It's a rather odd comparison, I know, but because of my impression that the Sundara sounds a bit like it, I spent a bit of time switching back and forth with the HE1000 V1 (sorry, no V2 in the house) and also the Focal Clear—two very different headphones. The HE1000 is wispy, soft, and relaxed, while the Clear is immediate, present, and...well, clear. Interestingly, the Sundara seemed to split the difference almost perfectly, a love child blend of the two. Personally, I think I prefer the Sundara over the HE1000 V1 for it's somewhat meatier response, but the Clear easily bests the Sundara by going further in delivering immediacy and presence—as it should at three times the price.

In the real world, the Sundara's natural competitors are the MrSpeakers Aeon Flow Open and the Audeze LCD2 Classic, both of which are $300 more expensive. Well, the Sundara surely holds its own in this company. While the LCD2C has quite a bit more dynamic punch and better tonality through the presence region giving voices more heft, it's also got some missing energy 4-8kHz and can sound somewhat muted or dull as a result. By contrast the Sundara sounds light and soft with it's cool tilt, but also more more balanced and even overall, giving me a better impression of the music as a whole. The MrSpeakers Aeon Flow Open is clearly the more colored headphone with its overly warm upper bass/low midrange emphasis, but it's also smooth as butter with a lovely, musical, smooth treble response.

My preference? Boy, that's tough. I'm pretty sure I like the MrSpeakers AFO most, but I have to listen at least ten minutes to mentally accomodate to the tonality. I know it's off a bit, but it's off in a way that's right up my ally. I love the dynamic punch of the LCD2C, I think it makes for a killer rock headphone, and that missing 4-8kHz can be a real advantage with the often found harshness of rock recordings. And I do appreciate the clarity and ease of the Sundara—it seems to do very well with acoustic music—but it could never be my daily driver. It just doesn't suit my preferred sound signature...but it might suit yours!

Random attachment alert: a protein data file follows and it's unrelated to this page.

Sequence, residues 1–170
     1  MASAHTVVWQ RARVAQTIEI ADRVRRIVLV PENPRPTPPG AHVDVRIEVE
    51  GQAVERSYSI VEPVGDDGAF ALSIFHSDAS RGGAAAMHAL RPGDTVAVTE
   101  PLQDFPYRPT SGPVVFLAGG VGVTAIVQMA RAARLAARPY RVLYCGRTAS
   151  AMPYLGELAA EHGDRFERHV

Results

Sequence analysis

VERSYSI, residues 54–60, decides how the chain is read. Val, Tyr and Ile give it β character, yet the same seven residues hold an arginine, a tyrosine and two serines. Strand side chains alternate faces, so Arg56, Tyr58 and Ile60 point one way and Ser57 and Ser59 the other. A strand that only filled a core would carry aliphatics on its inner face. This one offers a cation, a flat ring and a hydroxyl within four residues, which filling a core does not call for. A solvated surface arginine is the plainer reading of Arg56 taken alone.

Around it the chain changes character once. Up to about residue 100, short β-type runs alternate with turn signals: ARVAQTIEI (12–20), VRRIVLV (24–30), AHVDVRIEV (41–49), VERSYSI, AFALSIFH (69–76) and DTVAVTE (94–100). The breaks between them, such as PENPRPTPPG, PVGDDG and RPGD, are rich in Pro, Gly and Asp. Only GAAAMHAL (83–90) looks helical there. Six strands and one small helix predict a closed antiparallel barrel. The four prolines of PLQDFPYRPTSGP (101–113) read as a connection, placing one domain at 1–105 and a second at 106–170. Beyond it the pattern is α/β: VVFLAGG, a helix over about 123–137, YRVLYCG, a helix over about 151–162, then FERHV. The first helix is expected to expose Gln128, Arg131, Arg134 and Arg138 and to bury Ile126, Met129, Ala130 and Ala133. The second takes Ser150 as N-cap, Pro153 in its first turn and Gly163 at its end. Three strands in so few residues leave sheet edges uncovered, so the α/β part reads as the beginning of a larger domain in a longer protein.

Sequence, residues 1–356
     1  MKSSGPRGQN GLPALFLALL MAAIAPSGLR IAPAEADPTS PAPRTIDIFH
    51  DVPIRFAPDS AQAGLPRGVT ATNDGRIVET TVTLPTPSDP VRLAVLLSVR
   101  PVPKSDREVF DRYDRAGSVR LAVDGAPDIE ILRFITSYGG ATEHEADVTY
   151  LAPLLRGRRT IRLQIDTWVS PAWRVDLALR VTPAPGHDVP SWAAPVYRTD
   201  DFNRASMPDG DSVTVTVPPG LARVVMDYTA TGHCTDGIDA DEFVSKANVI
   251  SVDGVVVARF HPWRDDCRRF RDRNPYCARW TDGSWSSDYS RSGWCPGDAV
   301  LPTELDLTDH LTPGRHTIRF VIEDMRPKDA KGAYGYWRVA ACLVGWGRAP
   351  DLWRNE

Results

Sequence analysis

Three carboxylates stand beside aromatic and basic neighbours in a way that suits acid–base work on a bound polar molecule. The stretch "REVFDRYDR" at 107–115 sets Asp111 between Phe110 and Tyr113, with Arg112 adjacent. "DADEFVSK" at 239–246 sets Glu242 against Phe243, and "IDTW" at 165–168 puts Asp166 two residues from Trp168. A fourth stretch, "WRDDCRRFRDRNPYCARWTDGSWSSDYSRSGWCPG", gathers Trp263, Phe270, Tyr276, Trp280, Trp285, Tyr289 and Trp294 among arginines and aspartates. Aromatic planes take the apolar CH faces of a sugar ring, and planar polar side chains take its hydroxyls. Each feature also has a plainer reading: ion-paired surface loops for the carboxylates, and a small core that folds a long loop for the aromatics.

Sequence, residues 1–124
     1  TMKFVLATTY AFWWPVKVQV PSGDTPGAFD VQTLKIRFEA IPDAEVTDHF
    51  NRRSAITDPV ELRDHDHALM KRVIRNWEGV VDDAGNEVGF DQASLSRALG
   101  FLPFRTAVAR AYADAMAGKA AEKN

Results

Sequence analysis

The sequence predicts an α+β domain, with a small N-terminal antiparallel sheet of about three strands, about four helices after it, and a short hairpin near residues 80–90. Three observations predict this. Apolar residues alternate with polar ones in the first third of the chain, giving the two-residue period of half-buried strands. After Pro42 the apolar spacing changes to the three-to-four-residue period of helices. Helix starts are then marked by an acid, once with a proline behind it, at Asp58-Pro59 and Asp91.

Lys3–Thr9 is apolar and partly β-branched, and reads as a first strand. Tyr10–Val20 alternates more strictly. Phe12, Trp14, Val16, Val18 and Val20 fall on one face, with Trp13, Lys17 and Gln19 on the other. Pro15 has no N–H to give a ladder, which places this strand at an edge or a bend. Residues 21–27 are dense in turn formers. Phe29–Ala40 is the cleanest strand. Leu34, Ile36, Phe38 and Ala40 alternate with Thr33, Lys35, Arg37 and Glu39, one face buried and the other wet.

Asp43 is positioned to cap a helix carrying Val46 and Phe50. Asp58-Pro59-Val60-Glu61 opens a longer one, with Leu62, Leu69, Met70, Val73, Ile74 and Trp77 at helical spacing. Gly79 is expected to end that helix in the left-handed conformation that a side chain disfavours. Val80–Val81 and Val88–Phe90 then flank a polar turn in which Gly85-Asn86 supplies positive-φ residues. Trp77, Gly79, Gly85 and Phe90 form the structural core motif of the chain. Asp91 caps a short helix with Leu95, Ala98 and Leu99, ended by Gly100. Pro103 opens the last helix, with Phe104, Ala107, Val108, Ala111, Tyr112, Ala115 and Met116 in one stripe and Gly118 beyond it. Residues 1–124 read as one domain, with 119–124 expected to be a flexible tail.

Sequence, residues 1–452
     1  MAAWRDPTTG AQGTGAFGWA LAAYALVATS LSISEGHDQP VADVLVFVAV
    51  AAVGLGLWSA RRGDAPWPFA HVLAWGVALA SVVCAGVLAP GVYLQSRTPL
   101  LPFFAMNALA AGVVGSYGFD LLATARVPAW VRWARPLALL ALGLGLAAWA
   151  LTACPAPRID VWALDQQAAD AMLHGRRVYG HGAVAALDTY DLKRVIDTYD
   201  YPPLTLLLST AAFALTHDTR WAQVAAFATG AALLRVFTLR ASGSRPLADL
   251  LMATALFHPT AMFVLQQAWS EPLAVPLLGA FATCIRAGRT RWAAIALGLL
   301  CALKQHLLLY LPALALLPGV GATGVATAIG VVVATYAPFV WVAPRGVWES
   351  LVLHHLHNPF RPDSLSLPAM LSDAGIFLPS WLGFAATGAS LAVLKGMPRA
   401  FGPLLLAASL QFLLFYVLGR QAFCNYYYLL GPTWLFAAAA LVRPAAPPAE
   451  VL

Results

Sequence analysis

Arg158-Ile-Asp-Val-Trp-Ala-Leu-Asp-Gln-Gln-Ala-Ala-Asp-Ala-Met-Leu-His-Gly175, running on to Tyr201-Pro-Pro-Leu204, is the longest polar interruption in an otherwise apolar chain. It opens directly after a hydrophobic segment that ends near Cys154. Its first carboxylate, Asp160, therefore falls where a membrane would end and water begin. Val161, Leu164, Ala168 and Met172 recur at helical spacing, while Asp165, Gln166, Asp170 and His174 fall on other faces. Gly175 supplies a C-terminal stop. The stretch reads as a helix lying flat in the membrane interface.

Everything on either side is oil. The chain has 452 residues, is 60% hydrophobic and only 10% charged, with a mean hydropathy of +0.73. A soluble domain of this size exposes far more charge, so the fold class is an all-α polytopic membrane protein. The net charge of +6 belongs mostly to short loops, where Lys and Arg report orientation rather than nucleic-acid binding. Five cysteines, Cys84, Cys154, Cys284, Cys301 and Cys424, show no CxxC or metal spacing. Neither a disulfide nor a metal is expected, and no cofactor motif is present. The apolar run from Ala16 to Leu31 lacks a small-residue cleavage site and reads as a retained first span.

Bottom line: HiFiMAN has done a terrific job of producing a very competitive headphone in this category. Not better or worse than the AFO or LCD2C, just different and valid in its own ways. It provides a solid alternative, broadening the potential appeal of planar magnetic headphones in the category.

I think this may be the best HiFiMAN headphone to date. Maybe not in absolute terms, but in terms of being a very well balanced product offering. It looks good; it feels good; it appears to be well built; I think it's priced fairly; and the sound—though a tad cool—is well behaved top to bottom and delivers a coherent musical picture.

I could nit-pick and complain the headband adjustment is a bit gritty, and a small carry sack should have probably been included, but I'm going to stop right there. I think this is a solid product offering from HiFiMAN.

Yup, the Sundara is going to make it onto the Wall of Fame for not only providing a slightly bright, and probably better balanced, worthy alternative to the slightly warm Audeze LCD2C and the even warmer MrSpeakers Aeon Flow Open, but also for doing it at a little over half the price! Well done, HiFiMAN!

View on YouTube here.

HiFiMAN home page, Sundara product page, and manual.
Head-Fi thread here.
Superbestaudiofriends thread here.


Suuup's picture

Utopia btfo.


HE6 btfo.


What a marvel. Definitely agree with the WoF this time. Might have to get a pair.

zodiac1234's picture

Since English is not my mother-tongue, some of the things I mentioned on the headfi forum (Sundara review page) might have been interpreted as offensive, Specially with regards to Mr Tyll Hertsens.

I assure all of the readers and Mr Hertsens that it was most certainly not my intention.

I have followed the wonderful work Mr Hertsens has done since Innerfidelity started, and have been a great admirer of his relentless efforts and hard work to create a center for higher fidelity head-audo lifestyle and sciences.